GE values additive manufacturing and vertically integrated by spending over 1 billion USD on acquiring OEM manufactures.[6] After the acquisitions, the management team created a separate additive division to address the short term goals of developing next-gen technology, integrating with other GE businesses, and selling with the GE brand. GE noticed a gap in printing large parts and designed ATLAS, a novel machine with the largest build envelope ever offered.[7] The ability to print bigger parts enables GE to access previously untapped customers. GE is also incorporating complementary technologies such as industrial analytics and uninterrupted power supplies.[8] These features were originally designed for other businesses and allows GE Additive to further differentiate its machines.  Lastly, GE has utilized its sales expertise and created customer experience centers to showcase additive manufacturing’s potential.[9] It also created AddWorks, a consultant service designed to drive value creation from design to full volume production.[10] These offerings provide the opportunity to capture more customers and gain a revenue stream beyond printers. It also solves a knowledge gap challenge within the industry. Cost advantages of additive come from novel designs that the technology enables. By providing the engineering horsepower, GE will allow customers to unlock the full potential of the technology. Overall, GE is working towards its medium term goal of consolidation to be a one stop shop for any application of additive manufacturing in advanced manufacturing.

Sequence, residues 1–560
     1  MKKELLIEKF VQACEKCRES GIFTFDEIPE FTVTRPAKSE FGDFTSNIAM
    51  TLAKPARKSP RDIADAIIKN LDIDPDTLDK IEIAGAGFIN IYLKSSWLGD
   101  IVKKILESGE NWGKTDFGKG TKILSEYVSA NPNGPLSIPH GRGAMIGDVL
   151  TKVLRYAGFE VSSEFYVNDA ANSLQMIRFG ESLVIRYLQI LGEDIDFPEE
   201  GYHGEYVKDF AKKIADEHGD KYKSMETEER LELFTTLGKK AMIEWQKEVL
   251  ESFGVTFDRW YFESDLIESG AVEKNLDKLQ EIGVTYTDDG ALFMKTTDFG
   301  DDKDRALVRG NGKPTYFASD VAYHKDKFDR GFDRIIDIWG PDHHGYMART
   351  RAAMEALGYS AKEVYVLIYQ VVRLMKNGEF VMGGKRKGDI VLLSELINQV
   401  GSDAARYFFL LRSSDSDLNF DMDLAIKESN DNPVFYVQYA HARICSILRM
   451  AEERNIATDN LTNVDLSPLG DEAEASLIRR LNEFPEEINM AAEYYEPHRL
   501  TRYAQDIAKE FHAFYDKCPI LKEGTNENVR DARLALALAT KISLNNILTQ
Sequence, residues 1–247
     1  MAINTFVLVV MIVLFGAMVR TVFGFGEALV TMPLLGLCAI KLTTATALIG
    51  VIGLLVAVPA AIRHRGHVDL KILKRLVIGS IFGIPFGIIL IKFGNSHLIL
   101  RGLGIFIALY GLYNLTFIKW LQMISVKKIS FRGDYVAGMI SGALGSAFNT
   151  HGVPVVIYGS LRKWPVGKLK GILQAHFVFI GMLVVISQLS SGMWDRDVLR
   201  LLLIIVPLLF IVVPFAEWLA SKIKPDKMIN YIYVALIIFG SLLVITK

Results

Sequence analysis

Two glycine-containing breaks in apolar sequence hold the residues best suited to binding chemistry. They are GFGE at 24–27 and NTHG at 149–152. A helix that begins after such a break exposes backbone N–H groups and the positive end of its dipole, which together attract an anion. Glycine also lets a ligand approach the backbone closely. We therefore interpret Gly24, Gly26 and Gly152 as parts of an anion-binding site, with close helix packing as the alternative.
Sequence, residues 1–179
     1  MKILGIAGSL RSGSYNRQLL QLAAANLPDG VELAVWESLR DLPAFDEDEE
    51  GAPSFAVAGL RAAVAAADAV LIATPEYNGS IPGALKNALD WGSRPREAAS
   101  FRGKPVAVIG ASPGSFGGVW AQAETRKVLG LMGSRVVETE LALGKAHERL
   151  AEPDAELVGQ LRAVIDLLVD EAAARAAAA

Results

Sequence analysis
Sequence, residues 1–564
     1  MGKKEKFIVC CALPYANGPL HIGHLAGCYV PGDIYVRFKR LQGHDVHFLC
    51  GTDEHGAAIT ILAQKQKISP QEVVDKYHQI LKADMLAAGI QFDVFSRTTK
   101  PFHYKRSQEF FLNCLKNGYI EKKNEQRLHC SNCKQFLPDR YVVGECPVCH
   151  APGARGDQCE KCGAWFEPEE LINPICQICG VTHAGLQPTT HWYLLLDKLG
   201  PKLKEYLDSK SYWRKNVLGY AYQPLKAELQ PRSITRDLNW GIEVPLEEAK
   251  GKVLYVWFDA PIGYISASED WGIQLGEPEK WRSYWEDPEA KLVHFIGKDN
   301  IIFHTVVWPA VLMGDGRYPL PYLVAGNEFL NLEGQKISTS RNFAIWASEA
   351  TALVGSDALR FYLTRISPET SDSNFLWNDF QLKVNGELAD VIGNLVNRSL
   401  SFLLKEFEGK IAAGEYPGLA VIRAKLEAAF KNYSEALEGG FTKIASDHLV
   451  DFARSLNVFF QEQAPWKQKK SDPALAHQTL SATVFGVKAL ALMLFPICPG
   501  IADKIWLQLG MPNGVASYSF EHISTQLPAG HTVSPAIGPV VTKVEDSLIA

Despite the progress GE is making, there remain gaps. First is the intense capital investment required to purchase printers. GE is trying to address this issue by emphasizing the savings in production costs and highlighting financing through its capital business, but that does not solve the underlying issue.[11] The company is developing more capable machines and not focused affordable alternatives. GE risks losing market share to those who started with a lower price point and advanced capabilities from there. I would recommend that GE work on a low cost machine adapted for small to medium size business that is easy to setup and use. I would also bundle the machine with a low cost consulting services that will help the business develop applications. The second gap is the usage of additive within all of GE. GE is forcing each business unit to develop an adoption strategy for additive manufacturing in order to generate sales for its additive business.[12] This will require the additive branch to tailor incremental improvements for various GE application instead of working on breakthrough R&D. This leads to risk in being disrupted by others more focused on the latter. To alleviate this risk, I would allocate a set percentage of the additive team’s R&D budget on long term technological innovations.